When roads are closed and your GPS navigation system directs you onto a detour route, keep in mind that the device you count on for guidance could instead guide you into trouble. Most navigation tools don’t take current road or weather conditions into consideration. They may direct you onto remote roads that are neither maintained nor passable in all weather conditions.
Already this season someone had to be rescued after following their GPS navigation device off the main highway and onto a snow covered forest service road near Mount Hood. Fortunately, they received help and everyone was safe. This has not always been the case. Navigation systems and similar smartphone apps are great tools, but travelers may need to verify the identified detour route is appropriate given current conditions and the vehicle they are driving.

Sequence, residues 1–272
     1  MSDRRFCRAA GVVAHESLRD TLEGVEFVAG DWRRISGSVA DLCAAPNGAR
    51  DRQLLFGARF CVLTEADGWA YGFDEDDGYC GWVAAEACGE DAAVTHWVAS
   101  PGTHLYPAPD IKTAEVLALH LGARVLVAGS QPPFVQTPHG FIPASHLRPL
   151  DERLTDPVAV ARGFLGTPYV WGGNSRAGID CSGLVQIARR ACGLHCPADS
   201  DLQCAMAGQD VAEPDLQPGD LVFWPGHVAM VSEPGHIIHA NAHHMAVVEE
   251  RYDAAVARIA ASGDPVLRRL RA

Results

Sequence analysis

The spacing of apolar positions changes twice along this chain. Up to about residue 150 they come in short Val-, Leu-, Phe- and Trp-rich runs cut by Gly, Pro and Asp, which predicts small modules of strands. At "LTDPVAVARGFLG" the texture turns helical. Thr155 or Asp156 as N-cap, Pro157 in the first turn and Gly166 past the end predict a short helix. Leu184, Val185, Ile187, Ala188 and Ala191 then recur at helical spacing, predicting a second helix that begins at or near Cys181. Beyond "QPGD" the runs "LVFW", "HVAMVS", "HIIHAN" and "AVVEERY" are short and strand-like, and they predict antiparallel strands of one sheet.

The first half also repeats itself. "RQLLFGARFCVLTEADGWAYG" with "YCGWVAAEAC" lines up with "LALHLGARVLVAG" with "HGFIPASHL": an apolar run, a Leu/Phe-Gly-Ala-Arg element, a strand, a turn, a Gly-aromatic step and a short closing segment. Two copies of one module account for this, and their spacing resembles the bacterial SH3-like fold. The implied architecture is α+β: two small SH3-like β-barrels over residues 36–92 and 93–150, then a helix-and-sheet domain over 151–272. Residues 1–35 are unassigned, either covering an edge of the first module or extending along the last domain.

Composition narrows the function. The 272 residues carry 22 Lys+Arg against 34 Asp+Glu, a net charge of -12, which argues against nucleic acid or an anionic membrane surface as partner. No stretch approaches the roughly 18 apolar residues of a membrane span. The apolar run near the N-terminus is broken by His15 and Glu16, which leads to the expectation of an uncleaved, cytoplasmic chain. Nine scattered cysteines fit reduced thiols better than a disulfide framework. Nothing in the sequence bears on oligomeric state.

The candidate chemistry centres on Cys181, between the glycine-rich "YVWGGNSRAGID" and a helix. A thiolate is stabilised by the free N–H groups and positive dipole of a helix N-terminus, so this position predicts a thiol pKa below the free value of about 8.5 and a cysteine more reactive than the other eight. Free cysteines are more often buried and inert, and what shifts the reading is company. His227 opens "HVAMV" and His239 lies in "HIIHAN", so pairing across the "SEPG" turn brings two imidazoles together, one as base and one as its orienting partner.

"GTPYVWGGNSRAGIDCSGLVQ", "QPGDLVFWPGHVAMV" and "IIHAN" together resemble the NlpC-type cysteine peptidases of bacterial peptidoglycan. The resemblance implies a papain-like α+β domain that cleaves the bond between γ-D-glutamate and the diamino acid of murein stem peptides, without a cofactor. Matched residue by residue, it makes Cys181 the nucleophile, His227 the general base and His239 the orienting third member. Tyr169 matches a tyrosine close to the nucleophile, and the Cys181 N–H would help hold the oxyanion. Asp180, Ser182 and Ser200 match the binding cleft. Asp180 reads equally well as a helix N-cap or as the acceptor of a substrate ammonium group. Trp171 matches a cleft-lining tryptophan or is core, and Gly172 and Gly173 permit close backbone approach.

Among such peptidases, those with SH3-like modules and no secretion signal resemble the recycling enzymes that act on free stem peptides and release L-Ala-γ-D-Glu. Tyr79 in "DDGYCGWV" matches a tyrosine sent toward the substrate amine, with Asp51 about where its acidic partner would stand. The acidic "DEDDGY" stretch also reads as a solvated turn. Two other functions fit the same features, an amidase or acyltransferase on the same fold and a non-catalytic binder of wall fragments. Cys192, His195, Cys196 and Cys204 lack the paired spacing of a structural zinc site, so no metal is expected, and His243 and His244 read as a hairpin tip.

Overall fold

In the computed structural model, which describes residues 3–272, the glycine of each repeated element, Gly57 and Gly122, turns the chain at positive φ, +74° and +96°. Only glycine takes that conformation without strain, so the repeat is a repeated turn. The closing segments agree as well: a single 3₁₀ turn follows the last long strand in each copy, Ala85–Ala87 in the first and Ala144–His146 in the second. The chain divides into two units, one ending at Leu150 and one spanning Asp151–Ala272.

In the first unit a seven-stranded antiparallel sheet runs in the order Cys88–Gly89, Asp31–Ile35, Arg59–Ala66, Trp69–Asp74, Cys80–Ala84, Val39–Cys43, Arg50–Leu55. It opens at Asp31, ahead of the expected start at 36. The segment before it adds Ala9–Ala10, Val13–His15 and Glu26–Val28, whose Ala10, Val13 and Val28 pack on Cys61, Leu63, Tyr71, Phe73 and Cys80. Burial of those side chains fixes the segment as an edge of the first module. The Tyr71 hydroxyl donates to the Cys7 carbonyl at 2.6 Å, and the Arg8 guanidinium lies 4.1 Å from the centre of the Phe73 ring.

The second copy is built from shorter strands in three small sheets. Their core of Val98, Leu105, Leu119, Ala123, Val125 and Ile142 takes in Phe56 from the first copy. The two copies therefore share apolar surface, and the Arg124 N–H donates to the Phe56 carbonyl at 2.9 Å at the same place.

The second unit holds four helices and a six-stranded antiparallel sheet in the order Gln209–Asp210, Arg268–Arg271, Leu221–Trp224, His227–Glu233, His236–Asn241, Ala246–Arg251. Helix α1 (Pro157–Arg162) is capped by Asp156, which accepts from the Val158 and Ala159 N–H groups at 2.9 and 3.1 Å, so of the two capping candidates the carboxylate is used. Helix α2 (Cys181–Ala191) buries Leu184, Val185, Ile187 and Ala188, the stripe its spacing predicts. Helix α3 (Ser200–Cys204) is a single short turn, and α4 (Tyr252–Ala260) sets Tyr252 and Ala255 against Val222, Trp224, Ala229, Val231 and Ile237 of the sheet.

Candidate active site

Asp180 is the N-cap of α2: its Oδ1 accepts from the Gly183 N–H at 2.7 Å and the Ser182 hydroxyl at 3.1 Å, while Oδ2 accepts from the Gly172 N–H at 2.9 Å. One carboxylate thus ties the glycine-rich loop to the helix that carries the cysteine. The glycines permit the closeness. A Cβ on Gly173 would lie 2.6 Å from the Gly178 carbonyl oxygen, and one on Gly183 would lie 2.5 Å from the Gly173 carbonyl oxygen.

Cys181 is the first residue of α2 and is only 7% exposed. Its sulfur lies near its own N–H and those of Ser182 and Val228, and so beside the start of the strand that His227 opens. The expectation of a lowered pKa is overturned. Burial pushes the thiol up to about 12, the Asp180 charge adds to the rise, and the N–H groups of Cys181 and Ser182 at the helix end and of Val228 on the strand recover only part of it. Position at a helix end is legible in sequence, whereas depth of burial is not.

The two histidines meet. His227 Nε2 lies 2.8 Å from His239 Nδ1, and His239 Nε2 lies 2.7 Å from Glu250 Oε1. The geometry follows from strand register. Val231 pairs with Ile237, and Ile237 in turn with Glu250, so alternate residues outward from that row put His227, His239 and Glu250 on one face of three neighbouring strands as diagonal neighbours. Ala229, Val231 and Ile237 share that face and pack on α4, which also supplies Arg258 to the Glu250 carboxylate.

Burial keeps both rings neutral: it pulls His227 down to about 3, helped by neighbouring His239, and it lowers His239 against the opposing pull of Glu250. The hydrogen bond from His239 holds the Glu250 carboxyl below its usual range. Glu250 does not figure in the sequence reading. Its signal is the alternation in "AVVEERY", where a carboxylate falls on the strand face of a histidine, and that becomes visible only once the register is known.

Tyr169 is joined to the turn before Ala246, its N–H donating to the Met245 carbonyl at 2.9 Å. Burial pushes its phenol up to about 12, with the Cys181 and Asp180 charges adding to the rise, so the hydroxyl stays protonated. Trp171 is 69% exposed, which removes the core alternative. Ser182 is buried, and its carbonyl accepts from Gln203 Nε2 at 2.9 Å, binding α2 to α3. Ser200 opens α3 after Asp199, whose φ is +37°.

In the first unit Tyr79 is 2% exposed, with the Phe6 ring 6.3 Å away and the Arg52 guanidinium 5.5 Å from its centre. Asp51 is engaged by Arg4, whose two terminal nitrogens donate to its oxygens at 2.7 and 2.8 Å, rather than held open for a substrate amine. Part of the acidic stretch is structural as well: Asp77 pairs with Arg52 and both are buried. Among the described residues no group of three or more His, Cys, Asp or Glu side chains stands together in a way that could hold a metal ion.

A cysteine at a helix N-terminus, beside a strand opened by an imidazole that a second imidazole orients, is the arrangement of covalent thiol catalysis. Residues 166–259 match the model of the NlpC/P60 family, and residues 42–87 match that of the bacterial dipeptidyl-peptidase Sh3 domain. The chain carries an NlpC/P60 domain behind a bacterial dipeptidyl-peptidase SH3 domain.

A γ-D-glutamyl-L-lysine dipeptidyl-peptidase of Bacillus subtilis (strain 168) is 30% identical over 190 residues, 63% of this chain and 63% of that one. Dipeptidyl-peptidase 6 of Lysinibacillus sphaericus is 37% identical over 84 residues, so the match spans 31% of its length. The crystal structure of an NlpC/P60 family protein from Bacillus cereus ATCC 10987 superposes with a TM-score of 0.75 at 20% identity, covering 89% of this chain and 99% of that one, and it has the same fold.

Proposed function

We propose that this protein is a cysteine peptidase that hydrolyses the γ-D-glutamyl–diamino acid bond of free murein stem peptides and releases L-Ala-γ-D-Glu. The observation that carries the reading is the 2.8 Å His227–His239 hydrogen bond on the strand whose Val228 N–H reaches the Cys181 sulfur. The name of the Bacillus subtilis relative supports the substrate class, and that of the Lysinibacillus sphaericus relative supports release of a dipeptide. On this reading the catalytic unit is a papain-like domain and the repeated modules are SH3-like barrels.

Here are a few tips to consider: What you can do • Be aware that the app on your phone or in your GPS device might not have the latest information – don’t follow it blindly! • Use TripCheck.com (available on your computer and on your phone) to get the latest on state road conditions, or call 511. • Remember, in winter conditions (or in summer’s fire season), roads can be impassable, so USE COMMON SENSE. • If you are not familiar with an area and current road conditions, stay on state roads and don’t attempt detours onto roads you don’t know. • Alter your travel plans. If you are not sure of the route and road conditions your GPS device directs you to, ask local folks for information and consult a map. It is better to stay the night in town rather than be stuck on a remote road in the middle of nowhere. What we will do • ODOT crews work continually to keep state highways safe, but during certain conditions, such as blowing snow and freezing temperatures, you may want to avoid travel altogether. • ODOT will issue media flash alerts if roads are closed. These will be updated continually on TripCheck.com.
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